Association of Changes in Diet Quality with Total and Cause-Specific Mortality
A frequent concern of patients and physicians is the impact of diet quality over time and the related risks of mortality. In this retrospective cohort study, researchers assessed diet-quality using three rubrics: the Alternate Healthy Eating Index (AHEI), Alternate Mediterranean Diet score (AMD), and the Dietary Approaches to Stop Hypertension (DASH) diet scores, to develop adjusted hazard ratios for total and cardiovascular-cause related mortality. Specifically, 47,994 women from the Nurses’ Health Study and 25,745 men from the Health Professionals Follow-up Study were followed from 1998 to 2010, excluding those with history of cardiovascular disease or cancer before baseline, those with extremely high or low caloric intake, and those with missing information regarding diet and lifestyle. The pooled hazard ratios (HRs) over a 12-year period for participants with the greatest improvement in diet quality compared to those whose diet quality remained largely stable were 0.91 (95% CI 0.85 to 0.97), 0.84 (95% CI 0.78 to 0.91) and 0.89 (95% CI 0.84 to 0.95) as measured by the AHERI, AMD and DASH dietary rubrics, respectively. A 20% increase in diet-quality scores was associated with significant overall mortality reduction over a 12-year period using the AHEI (HR 0.85, 95% CI 0.76 to 0.96) and AMD (HR 0.93, 95% CI 0.88 to 0.99) scores, though not with the DASH (HR 0.96, 95%CI 0.88 to 1.05) score. Greater mortality improvements were found in patients who maintained improvements in dietary score over 16 years compared to those over 8 years. Of note, however, this study fails to be generalizable to the overall population as the sample set was largely white and of a higher socioeconomic status, and the study was also not randomized creating potential for residual confounding. Ultimately, this study shows that sustained improvement in diet are associated with a broad improvement in health outcomes.
Coffee Drinking and Mortality in 10 European Countries: A Multinational Cohort Study
One of the most popularly consumed beverages worldwide, coffee, has received notable attention in its links to lower mortality rates. In this prospective cohort study, researchers assessed 521,330 patients from 10 European countries with various coffee preparation methods to examine the relationship between coffee consumption and all-cause mortality. This study found an inverse relationship between coffee drinking and mortality, where compared to non-consumers, coffee-drinkers in the highest quartile of coffee consumption had significantly reduced all-cause mortality in both men (HR 0.88, 95% CI 0.82 to 0.95, p<0.001) and women (HR 0.93, 95% CI 0.87 to 0.98, p=0.009 ). Inverse associations between coffee drinkers and several disease-associated mortalities were also observed, including circulatory disease, digestive diseases using biomarkers for liver function, inflammation, metabolic health, and ovarian cancer mortality. Of note, while this study aimed to control for confounding variables, as this was not a randomized study there could be residual confounding. In addition, coffee-drinking habits were only assessed once and could have changed along the course of the study. Nonetheless, this study shows that coffee drinking may be associated with reduced risk of death from various causes, and did not vary by country.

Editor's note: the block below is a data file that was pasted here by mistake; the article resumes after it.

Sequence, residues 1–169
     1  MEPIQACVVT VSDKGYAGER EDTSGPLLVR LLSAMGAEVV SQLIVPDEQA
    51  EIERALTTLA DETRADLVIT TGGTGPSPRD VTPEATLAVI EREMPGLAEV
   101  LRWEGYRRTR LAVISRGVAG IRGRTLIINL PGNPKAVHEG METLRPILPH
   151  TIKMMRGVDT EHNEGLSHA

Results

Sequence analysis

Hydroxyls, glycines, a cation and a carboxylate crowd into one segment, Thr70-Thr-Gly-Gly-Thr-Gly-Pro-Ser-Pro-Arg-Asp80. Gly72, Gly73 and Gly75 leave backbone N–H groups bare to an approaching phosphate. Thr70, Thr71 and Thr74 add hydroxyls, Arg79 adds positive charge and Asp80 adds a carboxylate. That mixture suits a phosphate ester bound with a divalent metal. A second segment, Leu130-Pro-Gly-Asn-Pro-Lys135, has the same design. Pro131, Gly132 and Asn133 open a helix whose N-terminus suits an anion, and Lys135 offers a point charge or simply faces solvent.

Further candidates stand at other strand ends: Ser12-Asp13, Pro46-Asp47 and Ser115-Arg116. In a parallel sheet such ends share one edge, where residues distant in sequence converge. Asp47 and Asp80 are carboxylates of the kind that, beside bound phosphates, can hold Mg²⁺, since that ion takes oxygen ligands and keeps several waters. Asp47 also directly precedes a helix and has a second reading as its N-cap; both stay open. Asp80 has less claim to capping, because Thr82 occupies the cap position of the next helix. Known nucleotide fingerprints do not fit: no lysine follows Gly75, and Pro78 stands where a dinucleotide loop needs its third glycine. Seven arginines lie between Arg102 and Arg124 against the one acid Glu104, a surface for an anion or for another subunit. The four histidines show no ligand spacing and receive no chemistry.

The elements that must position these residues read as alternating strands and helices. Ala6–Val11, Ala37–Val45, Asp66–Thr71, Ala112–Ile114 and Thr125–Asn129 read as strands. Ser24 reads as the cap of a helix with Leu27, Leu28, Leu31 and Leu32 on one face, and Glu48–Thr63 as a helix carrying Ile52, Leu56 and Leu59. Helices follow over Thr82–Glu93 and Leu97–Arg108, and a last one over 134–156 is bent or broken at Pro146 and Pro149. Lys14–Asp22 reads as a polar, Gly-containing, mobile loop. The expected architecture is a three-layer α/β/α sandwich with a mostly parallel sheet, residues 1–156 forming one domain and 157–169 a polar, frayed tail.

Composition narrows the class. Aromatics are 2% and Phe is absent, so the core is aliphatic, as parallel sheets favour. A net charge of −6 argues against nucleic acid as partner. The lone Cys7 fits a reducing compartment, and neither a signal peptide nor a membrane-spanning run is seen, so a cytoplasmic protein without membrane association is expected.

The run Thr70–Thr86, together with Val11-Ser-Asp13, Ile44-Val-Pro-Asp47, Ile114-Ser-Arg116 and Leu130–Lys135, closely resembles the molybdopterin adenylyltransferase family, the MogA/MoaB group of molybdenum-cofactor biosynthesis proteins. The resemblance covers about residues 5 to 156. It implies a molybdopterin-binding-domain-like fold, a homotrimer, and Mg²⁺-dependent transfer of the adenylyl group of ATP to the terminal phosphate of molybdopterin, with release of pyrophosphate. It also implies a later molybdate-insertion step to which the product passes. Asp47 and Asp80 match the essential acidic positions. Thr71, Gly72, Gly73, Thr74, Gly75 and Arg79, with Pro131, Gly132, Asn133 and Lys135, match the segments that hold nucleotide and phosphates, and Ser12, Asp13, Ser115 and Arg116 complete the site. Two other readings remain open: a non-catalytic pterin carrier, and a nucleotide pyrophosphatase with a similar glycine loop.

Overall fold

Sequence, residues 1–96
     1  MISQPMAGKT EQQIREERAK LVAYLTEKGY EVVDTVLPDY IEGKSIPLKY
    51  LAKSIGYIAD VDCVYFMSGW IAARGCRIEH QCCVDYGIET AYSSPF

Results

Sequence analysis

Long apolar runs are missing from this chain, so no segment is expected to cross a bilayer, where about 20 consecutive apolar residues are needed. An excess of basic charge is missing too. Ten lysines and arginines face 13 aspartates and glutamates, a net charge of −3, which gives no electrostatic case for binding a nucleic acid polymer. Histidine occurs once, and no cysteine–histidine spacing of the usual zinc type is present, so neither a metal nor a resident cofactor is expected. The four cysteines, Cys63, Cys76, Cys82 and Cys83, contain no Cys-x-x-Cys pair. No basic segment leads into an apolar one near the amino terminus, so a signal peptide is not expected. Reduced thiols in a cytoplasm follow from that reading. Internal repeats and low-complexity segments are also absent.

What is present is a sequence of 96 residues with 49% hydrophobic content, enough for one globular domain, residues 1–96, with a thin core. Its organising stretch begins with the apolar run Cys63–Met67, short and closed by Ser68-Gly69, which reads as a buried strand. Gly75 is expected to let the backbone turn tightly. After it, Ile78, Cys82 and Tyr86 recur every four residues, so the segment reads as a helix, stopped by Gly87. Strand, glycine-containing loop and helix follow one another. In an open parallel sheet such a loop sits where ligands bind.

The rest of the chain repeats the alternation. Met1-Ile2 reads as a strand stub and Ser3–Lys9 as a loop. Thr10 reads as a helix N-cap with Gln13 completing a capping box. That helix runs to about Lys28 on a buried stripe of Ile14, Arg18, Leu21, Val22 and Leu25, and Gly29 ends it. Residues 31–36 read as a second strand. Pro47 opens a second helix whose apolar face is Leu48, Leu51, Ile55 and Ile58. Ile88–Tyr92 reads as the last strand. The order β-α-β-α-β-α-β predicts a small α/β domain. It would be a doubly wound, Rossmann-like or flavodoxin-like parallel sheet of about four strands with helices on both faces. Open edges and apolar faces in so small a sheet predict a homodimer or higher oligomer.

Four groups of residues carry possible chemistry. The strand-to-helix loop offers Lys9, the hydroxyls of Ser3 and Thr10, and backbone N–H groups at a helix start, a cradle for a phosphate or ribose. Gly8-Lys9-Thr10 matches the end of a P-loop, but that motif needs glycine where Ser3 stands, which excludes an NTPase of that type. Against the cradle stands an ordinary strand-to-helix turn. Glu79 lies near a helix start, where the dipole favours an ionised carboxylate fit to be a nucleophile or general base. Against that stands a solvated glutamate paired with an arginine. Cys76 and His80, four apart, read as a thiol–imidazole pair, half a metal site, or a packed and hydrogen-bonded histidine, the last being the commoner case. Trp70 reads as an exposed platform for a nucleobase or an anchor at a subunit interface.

Effect of Antidepressant Switching vs Augmentation on Remission Among Patients With Major Depressive Disorder Unresponsive to Antidepressant Treatment
Less than a third of patients with major depressive disorder (MDD) achieve remission with their first antidepressant. Common strategies include switching to bupropion and adjunctive use of either bupropion or aripiprazole. In the VAST-D randomized clinical trial, 1522 patients at 35 US Veterans Health Administration medical centers diagnosed with MDD without psychotic features and unresponsive to at least 1 course of antidepressants were randomly assigned to 1 of 3 treatments and evaluated for up to 36 weeks to determine the relative effectiveness and safety of 3 common alternate treatments for MDD. The interventions included switch to bupropion, augment current treatment with bupropion, or augment with aripiprazole, an atypical antipsychotic, with the primary outcome of remission during the acute treatment phase defined as a 16-item Quick Inventory of Depressive Symptomatology-Clinician Rated (QIDS-C16) score ≤ 5 at 2 visits. Secondary outcomes included ≥50% improvement in QIDS-C16 score or Clinical Global Impression Improvement scale, relapse and adverse effects. Remission rates at 12 weeks were 22.3% (n = 114) for the switch group, 26.9% (n = 136) for the augment-bupropion group, and 28.9% (n = 146) for the augment-aripiprazole group. The augment-aripiprazole group exceeded the switch group in remission (RR 1.30, 95% CI 1.05 to 1.60, p =0.02), but other remission comparisons were not significant. Response was greater in the augment-aripiprazole group compared to other groups. Anxiety was more frequent in the 2 bupropion groups. Of note, this study population was predominantly male which decreases its generalizability. Furthermore, the small effect size and adverse effects associated with aripiprazole warrants further analysis for the utility of this approach. Overall, the augmentation with aripiprazole did result in a statistically significant but modest increase in likelihood of remission for these patients.